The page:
- Written by Chris Heinonen and Adrian Wittenberg
- Published on 04 May 2009
- Pioneer BDP-09FD Elite Blu-ray Player - Benchmark
- Page 2: Design of the Pioneer BDP-09FD Elite Blu-ray Player
- Page 3: Setup of the Pioneer BDP-09FD Elite Blu-ray Player
- Page 4: Music Performance of the Pioneer BDP-09FD Elite Blu-ray Player
- Page 5: Movie Performance of the Pioneer BDP-09FD Elite Blu-ray Player
- Page 6: Video Performance and Benchmark for the Pioneer BDP-09FD Elite Blu-ray Player
- Page 7: Audio Performance (On the Bench) for the Pioneer BDP-09FD Elite Blu-ray Player
- Page 8: Conclusions About the Pioneer BDP-09FD Elite Blu-ray Player
- All Pages
Performance â€“ Music
As soon as I had the Pioneer hooked up in my system, the first thing that I wanted to test was its audio performance. The Wolfson DACâ€™s have been used in many other highly regarded, dedicated CD players and I wanted to hear how they would sound. Listening to â€œKid Aâ€ from Radiohead, the Pioneer offered up a very refined, relaxed presentation and I listened to the whole disc without any fatigue, completely enjoying the experience. Moving forward or back a track was a little slow compared to my Oppo player, but I never had any issues beyond that. After listening to a few more albums on the Pioneer over the week, I wanted to evaluate it head-to-head with the Oppo, which is a very nice budget CD player in addition to being a fine DVD player, and see how it compared.
Taking some time to make sure all of the settings on the receiver and the players were setup correctly and that the receiver wasnâ€™t introducing anything additional into the signal, I setup some albums to play at the same time so I could easily switch back and forth between them. Additionally, I found that using the Pioneer in Pure Audio Mode 1 (no video signals at all) produced a noticeable increase in sound quality during CD playback, so I left that enabled while I performed these listening tests as well. To my ears, the Oppo provided me a bit more high-end detail and a bit of a wider soundstage, whereas the Pioneer provided some extra weight behind the voices and instruments. Listening to just a human voice, the Oppo would let me hear a little bit of extra detail at the top end, but the Pioneer would express the power that they were putting behind their singing.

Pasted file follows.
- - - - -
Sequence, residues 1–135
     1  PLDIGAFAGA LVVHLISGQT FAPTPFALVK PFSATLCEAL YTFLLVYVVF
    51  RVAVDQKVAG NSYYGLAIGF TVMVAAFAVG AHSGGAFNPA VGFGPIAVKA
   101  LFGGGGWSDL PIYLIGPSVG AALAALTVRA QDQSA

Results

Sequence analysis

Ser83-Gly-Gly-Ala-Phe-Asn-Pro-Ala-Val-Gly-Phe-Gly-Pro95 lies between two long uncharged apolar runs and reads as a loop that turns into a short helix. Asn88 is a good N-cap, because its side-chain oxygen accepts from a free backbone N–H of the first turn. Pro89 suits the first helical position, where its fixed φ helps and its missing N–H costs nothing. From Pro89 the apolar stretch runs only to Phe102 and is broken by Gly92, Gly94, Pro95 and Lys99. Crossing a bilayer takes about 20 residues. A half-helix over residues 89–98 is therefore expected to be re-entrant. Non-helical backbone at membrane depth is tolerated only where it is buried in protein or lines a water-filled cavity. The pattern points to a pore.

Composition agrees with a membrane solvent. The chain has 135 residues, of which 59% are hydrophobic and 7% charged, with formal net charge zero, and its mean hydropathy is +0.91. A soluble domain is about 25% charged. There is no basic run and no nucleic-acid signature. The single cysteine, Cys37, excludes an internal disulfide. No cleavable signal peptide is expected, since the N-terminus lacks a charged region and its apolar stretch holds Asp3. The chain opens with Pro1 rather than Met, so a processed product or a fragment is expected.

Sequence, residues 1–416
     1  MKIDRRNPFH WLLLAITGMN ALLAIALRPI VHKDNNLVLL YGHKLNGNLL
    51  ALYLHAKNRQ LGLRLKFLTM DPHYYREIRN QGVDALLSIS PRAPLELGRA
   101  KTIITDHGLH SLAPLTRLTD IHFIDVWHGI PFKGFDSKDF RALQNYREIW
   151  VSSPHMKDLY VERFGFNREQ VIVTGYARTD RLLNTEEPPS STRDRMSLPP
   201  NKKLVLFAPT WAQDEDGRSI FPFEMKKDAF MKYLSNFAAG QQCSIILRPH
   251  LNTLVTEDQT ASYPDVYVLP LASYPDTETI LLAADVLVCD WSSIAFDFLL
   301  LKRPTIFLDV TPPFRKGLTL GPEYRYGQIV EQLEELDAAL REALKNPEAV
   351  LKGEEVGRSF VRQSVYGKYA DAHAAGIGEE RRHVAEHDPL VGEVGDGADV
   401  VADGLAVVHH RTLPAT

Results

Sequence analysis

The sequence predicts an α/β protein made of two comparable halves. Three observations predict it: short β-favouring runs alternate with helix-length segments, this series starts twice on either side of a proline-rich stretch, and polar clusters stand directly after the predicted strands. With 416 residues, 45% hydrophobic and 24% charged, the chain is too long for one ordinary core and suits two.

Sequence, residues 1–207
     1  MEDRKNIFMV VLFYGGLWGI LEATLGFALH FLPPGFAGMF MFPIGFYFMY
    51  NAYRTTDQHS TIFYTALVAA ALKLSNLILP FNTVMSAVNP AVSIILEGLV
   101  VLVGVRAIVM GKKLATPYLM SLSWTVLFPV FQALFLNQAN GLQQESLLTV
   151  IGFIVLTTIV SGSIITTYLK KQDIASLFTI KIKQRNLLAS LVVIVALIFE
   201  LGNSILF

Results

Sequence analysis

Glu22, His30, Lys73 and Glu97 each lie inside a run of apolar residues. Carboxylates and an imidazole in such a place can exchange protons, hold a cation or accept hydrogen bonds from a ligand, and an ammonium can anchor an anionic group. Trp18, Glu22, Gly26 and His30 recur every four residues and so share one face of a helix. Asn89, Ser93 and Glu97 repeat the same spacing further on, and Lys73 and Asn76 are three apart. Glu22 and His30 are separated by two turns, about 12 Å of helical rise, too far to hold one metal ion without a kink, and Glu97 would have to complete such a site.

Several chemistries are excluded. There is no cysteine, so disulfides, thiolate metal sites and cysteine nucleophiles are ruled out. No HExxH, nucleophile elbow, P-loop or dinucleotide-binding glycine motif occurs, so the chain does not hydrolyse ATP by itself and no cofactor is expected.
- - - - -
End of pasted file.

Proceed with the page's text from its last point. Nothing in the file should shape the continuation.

The presentation of the Oppo was more forward as well, putting the vocals in front in the speakers, where the Pioneer seemed to pull them back behind the speakers a bit and stay more relaxed. With Pure Audio disabled, I was able to easily tell the players apart and felt that the soundstage of the Pioneer shrunk, and the instruments and vocals sounded like they were hiding behind a curtain, losing a good bit of detail. In the end, while I liked the extra detail that the Oppo added, some might find that itâ€™s more fatiguing to listen for a long period of time, or prefer the extra weight that the Pioneer can put behind the music. Given that the Oppo player has been a consistently well regarded CD player, I think Pioneer can be happy with how the BDP-09FD sounded.
For playing back music from non-CD sources, the Pioneer supports very few extra codecs (most bitrate mp3s and lower bitrate WMAâ€™s), but no lossless formats such as FLAC, and no support for WAV files beyond 16-bit and 44.1 KHz sampling rates. The new chipset that Pioneer used for this player was chosen for pure performance on Blu-ray, DVD, and CD playback and support for more advanced media codecs wasnâ€™t important in comparison to that. It did manage to playback the mp3â€™s that I tested it with, but I would doubt that many people are going to purchase a player like this and used it to play back lossy, compressed audio files.
I did have one big fault with the Pure Audio setting, however. The load times on the Pioneer are not exceptionally fast, in part due to its use of a recorder transport that is more accurate but not as speedy as the typically disc transport, and while it is loading you are not able to stop it until itâ€™s read the contents of a CD, or gotten to the menu of a movie. Unfortunately, Pure Audio does not have a setting where you can have it be automatically enabled for CD playback and then disabled for BluRay or DVD playback, and to disable it you need to stop the disc and physically press a button on the player as there is no button on the remote. A couple of times I would go start a movie, forgetting that I had listened to a CD the day before, and be treated to a black screen as the disc loaded, since Pure Audio was disabling the video output of the player. I would have to wait a couple of minutes for the BluRay disc to get to the main menu, then stop it, walk up to the player, switch off Pure Audio, then start the disc up again and wait a couple more minutes for it to load once again. If Pioneer could add a menu setting for this based on media type, or at least a way to disable it from the remote, that would be nice.